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TAUNY Executive Director Jill Breit at the TAUNY Center's Folk Store in Canton. Photo: Nora Flaherty
TAUNY Executive Director Jill Breit at the TAUNY Center's Folk Store in Canton. Photo: Nora Flaherty

How the North Country can support artists, grow economy

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The North Country's Regional Economic Development Council has been one of the most successful in the state. It's received top awards twice now, for projects that range from renovating an historic building in Port Henry, to making improvements to the Wild Center in Tupper Lake, to treating wastewater in Malone.

Several of the projects the state funded aim to improve the North Country's economic outlook through the arts. One of these is "Invisible Factory", a project whose goal is to support regional artisans, and help them make a living from what they do.

"Invisible Factory" is a partnership between Traditional Arts in Upstate New York, in Canton, and the Adirondack North Country Association, in Saranac Lake.

Nora Flaherty stopped by TAUNY, to learn more about Invisible Factory.

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Nora Flaherty
Digital Editor, News

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The TAUNY Folk Store in Canton. Photo: Nora Flaherty
The TAUNY Folk Store in Canton. Photo: Nora Flaherty
When I get to TAUNY's homey headquarters on Main Street, Executive Director Jill Breit meets me and tells me a folk dance class for kids is just wrapping up upstairs. We stop by a minute to watch.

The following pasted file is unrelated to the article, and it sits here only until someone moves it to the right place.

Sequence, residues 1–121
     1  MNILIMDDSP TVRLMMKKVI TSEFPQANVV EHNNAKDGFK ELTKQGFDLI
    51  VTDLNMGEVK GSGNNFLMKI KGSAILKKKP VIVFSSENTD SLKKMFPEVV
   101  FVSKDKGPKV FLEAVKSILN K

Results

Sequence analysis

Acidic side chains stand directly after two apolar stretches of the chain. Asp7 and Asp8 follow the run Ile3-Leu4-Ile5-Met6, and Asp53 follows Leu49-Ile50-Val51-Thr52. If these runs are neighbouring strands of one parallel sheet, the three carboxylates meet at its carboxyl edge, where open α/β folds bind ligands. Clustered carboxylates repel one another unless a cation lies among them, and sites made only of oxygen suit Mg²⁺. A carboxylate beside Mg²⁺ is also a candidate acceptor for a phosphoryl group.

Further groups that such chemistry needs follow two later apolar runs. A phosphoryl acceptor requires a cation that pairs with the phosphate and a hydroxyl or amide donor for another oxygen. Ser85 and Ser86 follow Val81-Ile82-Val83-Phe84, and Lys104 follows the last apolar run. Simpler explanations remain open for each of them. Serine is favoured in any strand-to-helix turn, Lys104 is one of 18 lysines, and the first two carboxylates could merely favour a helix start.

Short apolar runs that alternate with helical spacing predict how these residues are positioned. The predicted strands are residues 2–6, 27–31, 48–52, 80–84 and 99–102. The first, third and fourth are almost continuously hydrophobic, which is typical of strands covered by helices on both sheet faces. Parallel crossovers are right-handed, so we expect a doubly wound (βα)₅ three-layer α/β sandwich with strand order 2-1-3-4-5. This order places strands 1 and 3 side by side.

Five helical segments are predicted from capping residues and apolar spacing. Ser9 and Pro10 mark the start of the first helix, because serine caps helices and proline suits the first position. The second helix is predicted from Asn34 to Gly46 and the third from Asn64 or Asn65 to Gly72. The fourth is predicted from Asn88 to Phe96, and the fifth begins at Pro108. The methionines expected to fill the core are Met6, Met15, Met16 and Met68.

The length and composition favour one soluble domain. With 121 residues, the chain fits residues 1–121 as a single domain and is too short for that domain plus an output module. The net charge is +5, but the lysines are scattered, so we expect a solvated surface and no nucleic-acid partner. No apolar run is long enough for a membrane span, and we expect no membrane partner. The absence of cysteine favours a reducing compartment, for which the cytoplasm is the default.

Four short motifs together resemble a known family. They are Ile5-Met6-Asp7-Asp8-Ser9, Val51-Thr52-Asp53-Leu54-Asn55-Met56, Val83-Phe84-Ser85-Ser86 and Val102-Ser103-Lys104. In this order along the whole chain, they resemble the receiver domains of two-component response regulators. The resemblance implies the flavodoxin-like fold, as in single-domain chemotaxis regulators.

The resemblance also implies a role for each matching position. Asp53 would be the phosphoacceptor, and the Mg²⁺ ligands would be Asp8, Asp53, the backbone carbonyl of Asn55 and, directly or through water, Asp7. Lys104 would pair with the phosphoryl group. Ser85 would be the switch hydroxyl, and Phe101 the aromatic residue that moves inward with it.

Afterwards, we retire to Jill's quieter office to talk about the project. She tells me that the Adirondack North Country Association's been working on economic development in our region for decades, including supporting artisan projects. ANKA also puts on a wholesale show called "Adirondack Buyer Days", every year in Saratoga Springs.

Jill's a transplant to the North Country, and she started working at TAUNY in the early '90s. She's also a folklorist. She says where she fits in –And where TAUNY fits in—with this project, is in preserving a rural way of life.

JB: My own interest in this project Stems from many years of trying to help artisans market their own work through the North Country Folk Store here, and to perpetuate a certain lifestyle here in this region. There are many, many people in the region who have home studios, workshops in their back yard, and if they're able to make some income from the things they make, it supports a kind of rural existence that they either chose to remain in the region to live, or moved here to live. And so we're interested in helping to expand those opportunities.

NF: Why do you think there are so many artisans here in the North Country?

JB: Well, one of the factors is that there aren't a lot of ready-made jobs. It isn't easy to just go out and find a job, so one solution to that shortage is to create your own job, and if you have any kind of a skill that you can make something that might be market appealing, then you have the potential to create a job for yourself.